• Tech Tech

Researchers develop 'novel method' to create paper-thin fire-retardant material: 'It forms a thermal protective char layer'

Fireproofing properties effectively has become a more prominent need in the construction industry.

Fireproofing properties effectively has become a more prominent need in the construction industry.

Photo Credit: RMIT University

A new method to sustainably make buildings fireproof has been developed by researchers in Australia, and it uses an unlikely material.

The team from RMIT University in Melbourne created panels made of fungus that can be used to clad structures and keep them protected during a blaze.

Described by the researchers as a "novel method" to help keep properties safe from fire damage — which is becoming an increasing concern as wildfire events become more common and more intense — fungus was chemically manipulated to enhance its fireproof properties. 

It's environmentally friendly, too. In addition to being formed using organic waste, the paper-thin fungal layer does not release harmful chemicals when burned. Many fireproof materials containing plastic release toxins and plenty of smoke if they combust, causing health and environmental concerns. 

"The great thing about mycelium is that it forms a thermal protective char layer when exposed to fire or radiant heat," Everson Kandare, a specialist in the flammability and thermal properties of biomaterials, told the Institution of Mechanical Engineers. "The longer and the higher temperature at which mycelium char survives, the better its use as a fireproof material."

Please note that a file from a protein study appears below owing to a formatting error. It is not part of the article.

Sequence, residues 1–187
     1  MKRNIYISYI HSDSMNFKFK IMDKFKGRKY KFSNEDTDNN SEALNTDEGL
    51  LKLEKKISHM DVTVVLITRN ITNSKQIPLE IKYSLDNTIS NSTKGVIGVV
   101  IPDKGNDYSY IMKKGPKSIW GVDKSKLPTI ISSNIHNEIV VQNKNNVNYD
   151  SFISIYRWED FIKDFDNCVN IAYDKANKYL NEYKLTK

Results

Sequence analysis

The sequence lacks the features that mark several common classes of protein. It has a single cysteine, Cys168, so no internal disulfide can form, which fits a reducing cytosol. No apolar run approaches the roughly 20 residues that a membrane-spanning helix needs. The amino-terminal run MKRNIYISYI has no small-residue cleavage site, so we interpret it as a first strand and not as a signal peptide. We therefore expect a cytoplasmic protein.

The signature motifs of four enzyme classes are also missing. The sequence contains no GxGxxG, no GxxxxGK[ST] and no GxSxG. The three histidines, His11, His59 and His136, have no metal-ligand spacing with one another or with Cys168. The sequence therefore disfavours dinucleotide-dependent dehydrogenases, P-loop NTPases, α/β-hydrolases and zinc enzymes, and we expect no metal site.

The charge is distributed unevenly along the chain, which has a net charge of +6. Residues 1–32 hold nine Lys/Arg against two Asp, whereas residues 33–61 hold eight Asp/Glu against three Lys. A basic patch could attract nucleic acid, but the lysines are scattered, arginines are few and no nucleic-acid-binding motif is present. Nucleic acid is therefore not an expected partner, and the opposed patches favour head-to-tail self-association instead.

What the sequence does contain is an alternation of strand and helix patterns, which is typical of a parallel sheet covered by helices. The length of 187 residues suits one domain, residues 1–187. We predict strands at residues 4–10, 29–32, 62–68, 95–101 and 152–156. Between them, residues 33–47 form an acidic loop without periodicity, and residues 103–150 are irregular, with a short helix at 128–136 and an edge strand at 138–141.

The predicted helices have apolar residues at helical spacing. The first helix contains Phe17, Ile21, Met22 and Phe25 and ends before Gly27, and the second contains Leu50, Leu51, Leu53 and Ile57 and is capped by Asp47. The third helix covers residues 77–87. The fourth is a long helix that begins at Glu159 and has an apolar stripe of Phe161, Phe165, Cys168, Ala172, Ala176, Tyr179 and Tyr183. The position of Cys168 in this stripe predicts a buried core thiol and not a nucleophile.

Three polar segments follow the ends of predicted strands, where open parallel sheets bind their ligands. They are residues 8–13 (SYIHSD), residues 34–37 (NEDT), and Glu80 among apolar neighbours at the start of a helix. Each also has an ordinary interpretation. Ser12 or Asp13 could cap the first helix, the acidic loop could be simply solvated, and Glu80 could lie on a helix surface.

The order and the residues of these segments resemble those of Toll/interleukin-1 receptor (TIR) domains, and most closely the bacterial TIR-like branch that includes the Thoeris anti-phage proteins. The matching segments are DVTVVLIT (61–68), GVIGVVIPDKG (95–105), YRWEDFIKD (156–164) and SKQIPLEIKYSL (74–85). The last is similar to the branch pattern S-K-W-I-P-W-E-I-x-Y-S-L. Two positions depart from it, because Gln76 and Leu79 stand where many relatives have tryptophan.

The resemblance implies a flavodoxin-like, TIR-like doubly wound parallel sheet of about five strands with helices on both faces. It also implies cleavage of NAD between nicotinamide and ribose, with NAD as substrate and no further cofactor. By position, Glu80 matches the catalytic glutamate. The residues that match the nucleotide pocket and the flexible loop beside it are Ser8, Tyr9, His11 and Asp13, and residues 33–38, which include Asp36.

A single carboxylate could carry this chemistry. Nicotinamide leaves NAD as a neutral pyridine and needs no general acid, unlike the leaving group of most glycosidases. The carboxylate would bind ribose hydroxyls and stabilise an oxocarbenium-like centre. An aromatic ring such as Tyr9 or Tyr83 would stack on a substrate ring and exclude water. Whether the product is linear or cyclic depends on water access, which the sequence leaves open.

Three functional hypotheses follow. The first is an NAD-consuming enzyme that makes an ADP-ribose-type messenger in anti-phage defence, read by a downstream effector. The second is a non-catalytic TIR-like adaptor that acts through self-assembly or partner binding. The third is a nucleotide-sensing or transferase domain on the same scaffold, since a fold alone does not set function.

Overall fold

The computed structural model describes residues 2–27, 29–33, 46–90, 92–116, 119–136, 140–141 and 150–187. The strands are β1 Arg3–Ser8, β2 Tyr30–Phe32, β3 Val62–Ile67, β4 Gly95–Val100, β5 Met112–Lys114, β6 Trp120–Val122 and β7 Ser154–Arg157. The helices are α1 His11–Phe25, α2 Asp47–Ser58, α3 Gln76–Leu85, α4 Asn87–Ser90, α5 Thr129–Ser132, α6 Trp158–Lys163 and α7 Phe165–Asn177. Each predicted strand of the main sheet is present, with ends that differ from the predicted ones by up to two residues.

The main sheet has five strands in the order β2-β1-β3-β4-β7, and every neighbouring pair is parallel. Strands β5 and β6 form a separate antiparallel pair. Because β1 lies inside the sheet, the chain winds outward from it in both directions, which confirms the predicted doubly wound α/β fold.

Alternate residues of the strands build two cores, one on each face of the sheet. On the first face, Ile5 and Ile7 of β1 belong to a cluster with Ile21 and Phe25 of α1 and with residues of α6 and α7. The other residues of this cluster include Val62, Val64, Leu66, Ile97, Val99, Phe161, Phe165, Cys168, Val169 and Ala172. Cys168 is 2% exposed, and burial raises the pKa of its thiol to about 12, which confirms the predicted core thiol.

While the results are promising, one of the key issues is the fungal panels take a lot longer to create than plastic ones. But talks are being held with those in the mushroom industry to use fungal-incorporated waste products rather than cultivating new mushroom farms, as associate professor Tien Huynh told the IMechE.

Huynh noted the fungal material could have other uses, too, such as producing a "leather-like" material for the fashion industry.

"The researchers are now looking to create fungal mats reinforced by engineering fibers to delay ignition, reduce flame intensity, and improve their fire safety ranking," the IMechE added. 

Fireproofing properties effectively has become a more prominent need in the construction industry following the Grenfell fire in London in 2017, when a high-rise block of apartments went up in flames. 

The supposedly fireproof cladding on the building had a highly combustible core, an inquiry said, and that helped the fire spread quickly. Seventy-two people died, and many others lost their homes.

While a faulty fridge-freezer was the initial cause of the fire, global heating is responsible for burning events elsewhere. 

A warming planet is leading to hot and dry conditions in rural and woodland areas that are perfect for starting fires. Lightning storms, errant sparks from machinery, and discarded cigarettes can all begin a blaze.

According to the United Nations, estimates suggest that global wildfire events could increase by 14% by 2030, 30% by 2050, and 50% by 2100. 

While reducing planet-warming pollution is key to preventing temperatures from rising higher — buying an electric car, eating more plant-based meals, and turning to sustainable energy sources can help — methods to stop the damage of wildfires now are also important for the livelihoods and homes of people in areas prone to these extreme weather conditions.

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